So much to talk about this morning, what with that con-
Yeah, still no deal. Let’s talk about Brad Marchand instead.
First, we cut to Halifax where our dear Brad is performing some puck battlles with the one, the only, Sidney Crosby. Brad has been elevated by last season’s career highs in points (39G, 46A) and that World Cup of Coffee win. I think he’s trained with Sid before, but it’s fun to see some real footage.
Sidney Crosby and Brad Marchand doing puck battles 👀: pic.twitter.com/15AglzA0i1
— From The Faceoff (@FromTheFaceoff) August 21, 2017
Now, another Haligonian connection of ours, our resident (busy and absent) geologist, Dr. Handgrenaid retweeted this Graphic Comments tweet this weekend:
If a player's character is an important attribute, then I say it's about time we also consider their alignment. pic.twitter.com/LebMvnpYjh
— Graphic Comments (@GraphicComments) August 18, 2017
For those of you who cannot see Twitter, or for whom Twitter is blocked, this is a pictorial representation of alignments and hockey players, well not all hockey players; it appears to just be forwards in this case. I hope that eventual followups will involve both one for defensemen and a separate one for goalies. The forwards alignment assignments are as follows:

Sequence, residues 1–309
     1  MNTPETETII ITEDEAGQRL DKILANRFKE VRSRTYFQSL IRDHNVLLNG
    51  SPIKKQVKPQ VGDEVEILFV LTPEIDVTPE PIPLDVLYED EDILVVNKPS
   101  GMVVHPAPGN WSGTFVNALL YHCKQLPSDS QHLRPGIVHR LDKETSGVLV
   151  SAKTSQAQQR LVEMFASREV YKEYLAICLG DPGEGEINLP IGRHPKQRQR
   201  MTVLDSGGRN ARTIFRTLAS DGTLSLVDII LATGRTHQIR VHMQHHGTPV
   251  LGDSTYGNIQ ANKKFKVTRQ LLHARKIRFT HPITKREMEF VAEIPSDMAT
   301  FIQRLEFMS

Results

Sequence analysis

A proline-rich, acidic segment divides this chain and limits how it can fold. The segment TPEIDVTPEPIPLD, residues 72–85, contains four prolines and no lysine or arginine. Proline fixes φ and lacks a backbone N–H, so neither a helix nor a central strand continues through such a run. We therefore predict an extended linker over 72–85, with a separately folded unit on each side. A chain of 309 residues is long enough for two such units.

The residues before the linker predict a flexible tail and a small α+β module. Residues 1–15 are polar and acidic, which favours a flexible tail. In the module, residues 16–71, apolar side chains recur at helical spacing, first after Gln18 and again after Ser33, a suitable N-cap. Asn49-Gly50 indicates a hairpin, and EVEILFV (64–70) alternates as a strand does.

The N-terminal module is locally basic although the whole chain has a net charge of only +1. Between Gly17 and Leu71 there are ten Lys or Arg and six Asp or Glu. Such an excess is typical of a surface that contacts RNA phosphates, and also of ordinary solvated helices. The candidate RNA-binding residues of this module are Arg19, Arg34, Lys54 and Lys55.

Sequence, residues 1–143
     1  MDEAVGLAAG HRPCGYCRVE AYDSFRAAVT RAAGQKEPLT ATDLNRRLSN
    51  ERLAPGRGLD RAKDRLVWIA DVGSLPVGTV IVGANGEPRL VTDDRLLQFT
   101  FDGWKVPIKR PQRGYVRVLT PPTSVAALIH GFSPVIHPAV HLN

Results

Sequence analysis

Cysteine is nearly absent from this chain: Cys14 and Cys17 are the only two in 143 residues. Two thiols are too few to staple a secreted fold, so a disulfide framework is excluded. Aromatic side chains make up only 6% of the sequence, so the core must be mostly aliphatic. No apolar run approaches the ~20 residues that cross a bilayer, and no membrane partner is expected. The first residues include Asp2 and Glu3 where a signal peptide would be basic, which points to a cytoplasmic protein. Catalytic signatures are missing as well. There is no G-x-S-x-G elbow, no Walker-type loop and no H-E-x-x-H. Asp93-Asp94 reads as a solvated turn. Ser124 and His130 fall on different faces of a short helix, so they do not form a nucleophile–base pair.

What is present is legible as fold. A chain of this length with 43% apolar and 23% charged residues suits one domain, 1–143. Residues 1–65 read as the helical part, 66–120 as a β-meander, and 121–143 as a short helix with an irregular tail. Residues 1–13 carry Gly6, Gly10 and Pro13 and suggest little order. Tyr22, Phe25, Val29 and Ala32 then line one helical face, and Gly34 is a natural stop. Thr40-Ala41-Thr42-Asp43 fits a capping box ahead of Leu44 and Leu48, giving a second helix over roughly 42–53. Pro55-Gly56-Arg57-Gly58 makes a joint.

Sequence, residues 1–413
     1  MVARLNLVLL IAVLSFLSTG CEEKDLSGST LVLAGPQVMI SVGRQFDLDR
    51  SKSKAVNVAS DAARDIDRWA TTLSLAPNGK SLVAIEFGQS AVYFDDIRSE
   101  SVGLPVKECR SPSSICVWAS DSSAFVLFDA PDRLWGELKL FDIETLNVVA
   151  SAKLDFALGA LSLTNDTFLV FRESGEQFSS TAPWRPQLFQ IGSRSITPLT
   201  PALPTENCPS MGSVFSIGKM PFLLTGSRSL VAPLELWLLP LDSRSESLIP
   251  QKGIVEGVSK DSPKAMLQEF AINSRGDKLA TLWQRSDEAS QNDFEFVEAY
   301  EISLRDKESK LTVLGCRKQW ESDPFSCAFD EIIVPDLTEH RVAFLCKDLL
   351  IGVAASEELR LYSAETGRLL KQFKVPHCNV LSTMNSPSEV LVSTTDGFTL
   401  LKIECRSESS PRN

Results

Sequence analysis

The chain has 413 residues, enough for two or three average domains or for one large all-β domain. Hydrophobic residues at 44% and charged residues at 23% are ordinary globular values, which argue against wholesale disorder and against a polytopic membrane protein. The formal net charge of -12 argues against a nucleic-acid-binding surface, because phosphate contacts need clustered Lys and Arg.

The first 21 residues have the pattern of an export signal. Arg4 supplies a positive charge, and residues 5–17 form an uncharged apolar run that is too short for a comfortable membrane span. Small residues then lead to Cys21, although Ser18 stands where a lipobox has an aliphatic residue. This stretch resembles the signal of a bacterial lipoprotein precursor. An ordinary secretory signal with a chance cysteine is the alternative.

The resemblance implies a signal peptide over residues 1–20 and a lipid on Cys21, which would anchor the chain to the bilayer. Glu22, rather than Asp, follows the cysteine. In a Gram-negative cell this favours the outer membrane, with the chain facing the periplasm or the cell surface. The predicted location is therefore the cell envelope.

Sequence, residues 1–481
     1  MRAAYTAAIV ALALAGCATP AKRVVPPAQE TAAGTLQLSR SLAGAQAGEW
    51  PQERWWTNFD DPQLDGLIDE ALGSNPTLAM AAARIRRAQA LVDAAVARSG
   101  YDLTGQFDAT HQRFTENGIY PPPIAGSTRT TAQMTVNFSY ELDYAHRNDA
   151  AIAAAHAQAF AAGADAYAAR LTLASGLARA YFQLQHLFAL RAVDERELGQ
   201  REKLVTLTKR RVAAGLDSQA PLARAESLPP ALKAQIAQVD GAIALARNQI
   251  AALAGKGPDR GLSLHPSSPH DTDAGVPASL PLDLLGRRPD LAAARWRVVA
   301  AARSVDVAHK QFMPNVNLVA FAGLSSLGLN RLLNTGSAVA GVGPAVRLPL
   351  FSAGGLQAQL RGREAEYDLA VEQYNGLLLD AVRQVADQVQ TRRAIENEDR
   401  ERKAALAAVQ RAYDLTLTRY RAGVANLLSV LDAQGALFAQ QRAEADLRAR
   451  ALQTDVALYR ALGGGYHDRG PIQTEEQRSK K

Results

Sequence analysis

Lawful Good: Henrik Sedin
Lawful Neutral: Sean Monahan
Lawful Evil: Patrick Kane
Neutral Good: Sidney Crosby
Neutral Neutral: Jonathan Toews
Neutral Evil: Shane Doan
Chaotic Good: Alex Ovechkin
Chaotic Neutral: Brad Marchand
Chaotic Evil: Corey Perry
Now, I realise that not everyone follows Ye Olde D&D alignment system, so I will basically just quote from easydamus about Chaotic Neutral for you and you can read the rest at your leisure:
Chaotic Neutral, “Free Spirit”
A chaotic neutral character follows his whims. He is an individualist first and last. He values his own liberty but doesn’t strive to protect others’ freedom. He avoids authority, resents restrictions, and challenges traditions. A chaotic neutral character does not intentionally disrupt organizations as part of a campaign of anarchy. To do so, he would have to be motivated either by good (and a desire to liberate others) or evil (and a desire to make those different from himself suffer). A chaotic neutral character may be unpredictable, but his behavior is not totally random. He is not as likely to jump off a bridge as to cross it.
Chaotic neutral is the best alignment you can be because it represents true freedom from both society’s restrictions and a do-gooder’s zeal.
Chaotic neutral can be a dangerous alignment when it seeks to eliminate all authority, harmony, and order in society.
Does this sound like our Brad? Where we would put other Bruins players in this system? Where the pizza at?
— Boston Bruins (@NHLBruins) November 3, 2016